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01.10.12 - (PRESS RELEASE) In an unprecedented decision today, the Fifth U.S. Circuit Court of Appeals overturned a district court’s decision to block enforcement of key provisions of a Texas law requiring doctors to give women seeking abortions a verbal description of the ultrasound image and other information about the fetus—even when a woman chooses not to receive the information and when the physician believes it is inappropriate and unethical to deliver it.
“One of the most extreme mandatory ultrasound laws in the nation has now led to an extreme court decision on this issue,” said Nancy Northup, president and CEO of the Center for Reproductive Rights. “This clears the way for the enforcement of an insulting and intrusive law whose sole purpose is to harass women and dissuade them from exercising their constitutionally protected reproductive rights. Until today, every court that has reviewed similarly intrusive laws has ruled the laws unconstitutional.”
U.S. District Judge Sam Sparks granted a preliminary injunction in August 2011 against the enforcement of the law’s requirement that doctors show women seeking abortions their ultrasound images, describe the images in detail, and play the sound of the fetal heartbeat even if a woman declines this information.
“Texas women are fully capable of weighing their reproductive choices carefully and responsibly in consultation with their doctors. The Texas ultrasound law serves only to place multiple hurdles between women and the free and full exercise of their reproductive rights,” said Northup.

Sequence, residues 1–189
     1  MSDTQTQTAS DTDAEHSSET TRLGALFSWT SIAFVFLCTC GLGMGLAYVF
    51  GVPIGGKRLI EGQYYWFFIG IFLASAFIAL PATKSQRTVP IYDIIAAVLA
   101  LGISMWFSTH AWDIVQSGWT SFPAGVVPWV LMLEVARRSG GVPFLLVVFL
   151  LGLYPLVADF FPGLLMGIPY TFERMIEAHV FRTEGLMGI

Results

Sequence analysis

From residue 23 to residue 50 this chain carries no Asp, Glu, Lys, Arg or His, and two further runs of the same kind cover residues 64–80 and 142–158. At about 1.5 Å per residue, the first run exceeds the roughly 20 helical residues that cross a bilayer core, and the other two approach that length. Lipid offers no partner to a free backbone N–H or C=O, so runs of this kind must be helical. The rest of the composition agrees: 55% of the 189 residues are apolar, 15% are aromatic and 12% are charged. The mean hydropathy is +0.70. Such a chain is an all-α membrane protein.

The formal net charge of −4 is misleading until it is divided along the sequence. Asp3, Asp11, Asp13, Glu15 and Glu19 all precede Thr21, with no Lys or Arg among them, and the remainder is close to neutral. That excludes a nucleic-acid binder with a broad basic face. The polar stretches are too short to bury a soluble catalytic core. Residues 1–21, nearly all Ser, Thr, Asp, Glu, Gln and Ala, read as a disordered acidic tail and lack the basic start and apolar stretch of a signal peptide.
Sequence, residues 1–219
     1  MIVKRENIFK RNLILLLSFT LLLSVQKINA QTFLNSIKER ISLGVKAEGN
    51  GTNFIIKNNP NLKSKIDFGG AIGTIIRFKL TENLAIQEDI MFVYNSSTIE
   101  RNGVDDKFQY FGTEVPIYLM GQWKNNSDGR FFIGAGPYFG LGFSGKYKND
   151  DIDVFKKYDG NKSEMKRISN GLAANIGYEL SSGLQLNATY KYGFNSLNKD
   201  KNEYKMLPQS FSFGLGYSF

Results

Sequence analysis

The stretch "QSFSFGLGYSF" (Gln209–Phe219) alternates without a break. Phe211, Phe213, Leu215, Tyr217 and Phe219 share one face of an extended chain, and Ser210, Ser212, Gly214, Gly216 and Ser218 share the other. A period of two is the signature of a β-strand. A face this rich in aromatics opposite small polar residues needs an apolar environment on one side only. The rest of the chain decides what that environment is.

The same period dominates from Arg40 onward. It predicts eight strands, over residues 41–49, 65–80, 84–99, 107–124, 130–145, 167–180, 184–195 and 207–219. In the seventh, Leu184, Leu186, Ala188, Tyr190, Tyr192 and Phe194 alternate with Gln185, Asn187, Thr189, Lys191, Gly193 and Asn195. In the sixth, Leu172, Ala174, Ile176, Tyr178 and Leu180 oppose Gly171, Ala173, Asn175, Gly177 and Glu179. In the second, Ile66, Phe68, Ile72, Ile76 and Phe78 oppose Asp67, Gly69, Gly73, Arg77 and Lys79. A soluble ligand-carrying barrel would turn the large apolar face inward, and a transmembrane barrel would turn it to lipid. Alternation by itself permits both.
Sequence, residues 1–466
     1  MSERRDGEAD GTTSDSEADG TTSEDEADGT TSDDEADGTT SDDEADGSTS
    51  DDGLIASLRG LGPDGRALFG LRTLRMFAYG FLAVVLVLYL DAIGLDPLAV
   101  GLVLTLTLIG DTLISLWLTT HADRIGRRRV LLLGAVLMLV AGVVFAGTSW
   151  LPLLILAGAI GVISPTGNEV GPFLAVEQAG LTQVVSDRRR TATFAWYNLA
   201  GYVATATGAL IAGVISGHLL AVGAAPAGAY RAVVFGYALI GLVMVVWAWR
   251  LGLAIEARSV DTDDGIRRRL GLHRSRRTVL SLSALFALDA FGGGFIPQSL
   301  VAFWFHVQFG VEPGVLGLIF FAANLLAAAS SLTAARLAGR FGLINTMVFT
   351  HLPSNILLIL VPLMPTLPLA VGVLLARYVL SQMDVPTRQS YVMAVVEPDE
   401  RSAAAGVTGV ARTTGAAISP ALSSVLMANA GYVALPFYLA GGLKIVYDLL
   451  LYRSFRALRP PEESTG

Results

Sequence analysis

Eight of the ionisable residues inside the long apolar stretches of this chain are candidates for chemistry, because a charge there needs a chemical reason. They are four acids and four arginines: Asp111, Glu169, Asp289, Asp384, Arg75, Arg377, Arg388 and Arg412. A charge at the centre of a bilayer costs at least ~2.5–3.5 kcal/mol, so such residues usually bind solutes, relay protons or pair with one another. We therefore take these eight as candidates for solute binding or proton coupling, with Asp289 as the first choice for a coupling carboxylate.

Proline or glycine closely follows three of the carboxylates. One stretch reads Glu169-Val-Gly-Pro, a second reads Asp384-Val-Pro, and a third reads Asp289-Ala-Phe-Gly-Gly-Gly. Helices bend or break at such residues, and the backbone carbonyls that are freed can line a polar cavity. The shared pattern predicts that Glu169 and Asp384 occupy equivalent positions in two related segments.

“This law reflects the hostility of anti-choice lawmakers to women, their reproductive healthcare providers, and their constitutional rights. This law, and this decision, inserts government directly into a private decision that must be protected from the intrusion of political ideologues. Anyone concerned with the erosion of our constitutional rights should be profoundly concerned and disappointed by today’s events.”
The Center filed a class action in June 2011 against the ultrasound requirements on behalf of Texas medical providers performing abortions and their patients. The Center requested a preliminary injunction shortly thereafter, arguing that the ultrasound requirements violated the First Amendment rights of both the doctor and the patient by forcing physicians to deliver politically-motivated communications to women, even if she declines. The Center also argued that the law discriminates against women by subjecting them to paternalistic “protections” not imposed on men.
The Center for Reproductive Rights is currently evaluating all available means of continuing to challenge this and all laws that seek to undermine women’s fundamental rights.
The case, Texas Medical Providers Performing Abortion Services v. Lakey, was filed by the Center for Reproductive Rights along with co-counsel Richard Alan Grigg of Spivey & Grigg, LLP in Austin, Susan L. Hays of Godwin Ronquillo, PC in Dallas, and Alex Lawrence and Jamie A. Levitt of Morrison & Foerster, LLP in New York.